We don’t really expect our kids to be happy all the time, but we still want them to be. It’s what I want for myself too! That’s why, after decades of rigorous research I’m ready to reveal my heretofore closely guarded Secret of Happiness. Yes, folks, I’ve developed a four-prong approach guaranteed to increase your Happiness Quotient (aka HapQ). It’s simple. If you want to be happy just:
- Do more of what brings you joy. A no-brainer, but most of us live like we’ve got forever to get to the fun stuff in life when actually it could all be over… Whoa! That kind of thinking lowers my HapQ. Not going there. Onward to #2.
- Avoid obvious joy-busters. If you know something (or someone) brings you down, limit your exposure or stay away altogether. A few of my instant “joy-busters” include: burnt popcorn, yellow jackets, and stubble. As for people who are consistently no fun to be around…. don’t go camping with them. Do NOT!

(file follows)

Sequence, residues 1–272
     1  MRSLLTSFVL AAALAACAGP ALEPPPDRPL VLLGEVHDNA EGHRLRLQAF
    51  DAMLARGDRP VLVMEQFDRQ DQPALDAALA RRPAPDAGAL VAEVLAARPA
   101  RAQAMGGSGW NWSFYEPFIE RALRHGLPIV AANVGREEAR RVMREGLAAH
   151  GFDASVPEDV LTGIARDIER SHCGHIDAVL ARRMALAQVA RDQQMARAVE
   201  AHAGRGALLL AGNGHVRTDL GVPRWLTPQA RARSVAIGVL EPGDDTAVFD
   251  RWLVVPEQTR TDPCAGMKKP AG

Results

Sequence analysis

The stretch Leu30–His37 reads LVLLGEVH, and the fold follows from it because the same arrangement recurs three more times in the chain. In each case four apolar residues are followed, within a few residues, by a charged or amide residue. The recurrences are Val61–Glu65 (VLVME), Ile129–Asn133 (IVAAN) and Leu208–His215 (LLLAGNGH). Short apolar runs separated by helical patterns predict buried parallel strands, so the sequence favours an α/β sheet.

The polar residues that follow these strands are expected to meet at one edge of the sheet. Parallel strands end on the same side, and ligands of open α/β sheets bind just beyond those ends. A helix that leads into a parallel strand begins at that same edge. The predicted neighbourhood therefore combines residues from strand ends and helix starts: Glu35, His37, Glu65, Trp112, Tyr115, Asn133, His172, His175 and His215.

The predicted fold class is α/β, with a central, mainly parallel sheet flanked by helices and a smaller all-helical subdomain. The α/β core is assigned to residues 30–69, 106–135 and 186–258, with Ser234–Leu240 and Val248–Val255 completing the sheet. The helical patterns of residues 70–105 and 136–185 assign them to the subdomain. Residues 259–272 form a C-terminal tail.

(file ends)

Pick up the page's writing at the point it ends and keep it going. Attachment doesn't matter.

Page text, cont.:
- Deal (ASAP) with whatever smooshes your joy. If a situation you’ve got no control over is stressing you out, you’re not powerless. There’s always something you can do to modify your response. You could, for example, close your mouth and quit complaining. It rarely improves a situation. In fact belly-aching often intensifies your awareness of how much you’re suffering. Some of my joy smooshers include: luke warm hot chocolate, aggressive louts, cold feet, misplaced eye-glasses, dog hair on the rug, and any paragraph I’m not yet satisfied with.
- Breathe. For anything you can’t avoid or flat-out change… you can always inhale (slowly & evenly), exhale (ditto), and smile. (Even a half-smile will do.) Up goes the old HapQ. Breathing is free, available 24/7, no membership or trendy work-out clothes needed. Breathing always restores my sense of humor except during the truly horrible year my mom was dying of Lou Gehrig’s Disease. And, much more recently, when we tried to build a new fence and our neighbor pitched a fit and a rather large attorney in our direction. I know, I know. “Don’t sweat the small stuff.” I try not to, but sometimes my mind loses me.
I can’t say exactly what all this has to do with parenting. Except that sometimes we just have to tough it out. And so do our kids. We can’t always rescue them up when they’re down. Maybe the best we can do is remind them that someone is always not happy, and right now they seem to be It. On the other hand, tomorrow (or even sooner) it might be their turn to be happy again. Just knowing that could help.